If I ask you to think of a philosopher, who comes to mind? Is it Confucius? Plato? Socrates? Or do you think a little nearer term - Kant? Emerson? Nietzsche? What about the students and faculty of Central Michigan University? Your neighbor? Your boss?
Central Michigan University professor Matt Katz says that’s one of the things he wishes more people understood about philosophy: we’re all doing it every day, and the questions professional philosophers consider affect us all.
“One thing we want people to know is that the questions we ask are relevant to everybody. People are doing philosophy all day in their own lives," says Katz.
“No, we’re not teaching students how to program a computer or something like that, but the things we talk about are important to everyday life and how we interact with people around us. In philosophy what students gain from class goes beyond raw knowledge to portable skills.” Katz says his students learn more effective communication strategies, how to weigh ideas and information, and analyze theories and look for their value to everyday life.
Along those lines, Katz recently asked his students to consider an application that has gained a lot of press in the past few years for its both its benefits and consequences: artificial intelligence (AI).
Each year the college chooses a critical engagement theme that allows them to take up a single question or topic and attack it from all angles through different classes and student groups. For the 2018-19 session that topic was the end of the world as we know it and Katz says he tied in AI by asking students to consider whether or not it could spell the end of humanity. That it could be the greatest danger humans have faces yet is, after all, an opinion of some of today’s most famous tech minds.
Infamous Tesla CEO Elon Musk has long been one of the loudest and most critical voices among that crowd. At least year’s massive SXSW event he warned that the technology could be more dangerous than nuclear warheads, and called for tight regulation. Just last week, the non-profit AI research firm he backs, Open-AI, announced that it had completed successful research on a system that can produce text-based deepfakes - news articles and works of fiction so convincingly composed any reader would mistake it for having been penned by humans. In the announcement, the firm took the extraordinary step of saying it won’t release the research publicly because of the danger it poses to humans.
Meanwhile, here at home, Katz and his students took up the topic during the final segment of his Philosophy of Psychology class. And they were rigorous in their approach, delving into everything from what we mean when we talk about AI, to whether or not it is realistic to expect AI to pose a threat to us — or, alternatively, to offer any great benefit.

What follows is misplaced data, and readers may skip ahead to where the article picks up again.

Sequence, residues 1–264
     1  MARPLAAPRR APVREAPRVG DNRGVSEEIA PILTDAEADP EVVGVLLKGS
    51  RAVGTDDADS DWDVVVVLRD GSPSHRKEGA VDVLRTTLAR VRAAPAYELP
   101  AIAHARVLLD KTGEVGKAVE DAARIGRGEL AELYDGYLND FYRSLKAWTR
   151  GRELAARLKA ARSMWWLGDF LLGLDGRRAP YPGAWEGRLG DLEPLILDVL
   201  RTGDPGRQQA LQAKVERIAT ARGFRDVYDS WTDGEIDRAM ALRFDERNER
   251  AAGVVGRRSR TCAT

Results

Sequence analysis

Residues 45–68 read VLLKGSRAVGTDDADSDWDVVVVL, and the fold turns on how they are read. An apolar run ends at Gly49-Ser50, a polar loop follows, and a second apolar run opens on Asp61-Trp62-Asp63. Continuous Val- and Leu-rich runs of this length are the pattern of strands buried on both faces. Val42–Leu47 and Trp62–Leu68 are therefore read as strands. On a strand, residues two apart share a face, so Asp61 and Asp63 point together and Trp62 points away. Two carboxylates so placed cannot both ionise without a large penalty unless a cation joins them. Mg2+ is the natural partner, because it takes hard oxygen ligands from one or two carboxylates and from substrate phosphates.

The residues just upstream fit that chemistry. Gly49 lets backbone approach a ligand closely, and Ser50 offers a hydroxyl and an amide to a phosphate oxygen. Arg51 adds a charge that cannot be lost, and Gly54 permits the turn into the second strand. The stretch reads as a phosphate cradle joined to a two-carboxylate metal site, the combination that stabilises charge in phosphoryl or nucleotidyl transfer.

The result was an enthusiastic foray into algorithms, computers that have the capacity to learn, and the various consequences and benefits that arise when humans try to get a technology to behave as a human would behave.
“Right now, we don’t have devices that can do all the things humans can do altogether, they can only do individual tasks - like Alexa,” he explained, citing Amazon’s well-known home assistant and listening speaker. So Katz wanted his students to consider not just what AI is now, but what it might be in the future.
Will we ever have one device that can do everything? What benefits and dangers would come with that? If there are dangers, are there ways we can limit those dangers without forfeiting the benefits?
At the end of the semester Katz says the class came away with a healthy mix of perceptions about AI and its role in the human world. “Some came away more worried, some less worried, but they were all interested and engaged. They had fun and when they’re having fun, I’m having fun,” says Katz, “They go hand-in-hand.”
Fun may not be the most common measure of success for a college course, but it’s important to Katz and his students, who are more likely to dig deeper and keep coming back to consider more questions when they’re engaged and enjoying their work.
“Every new technology comes with questions about whether or not we should use it and how,” says Katz. Whether it’s a self-driving car or a speaker you can control with your voice, there are both practical and ethical questions that arise with the use of any technology. And that has been the case for as long as humans have been inventing new ways to do things.
Katz says when we think about our answers to those questions, that’s philosophy. Some of us do it only personally, others professionally, but the act of contemplating answers to life’s questions - big and small - is important. It’s how we figure out how to develop things in a way that’s safe and beneficial.
There’s a viral tweet making the rounds on Twitter this month that asks, “Does philosophy make progress?” And then answers, cheekily, "Of course! We don't understand far more than the Greeks ever could have imagined not understanding.”
Maybe the punchline is a bit on the nose, but it’s a sentiment we can all appreciate. No matter the question life and innovation throws our way, the answers we arrive at through careful consideration will always be complex and often opposing. That’s okay. The important part is that we keep asking.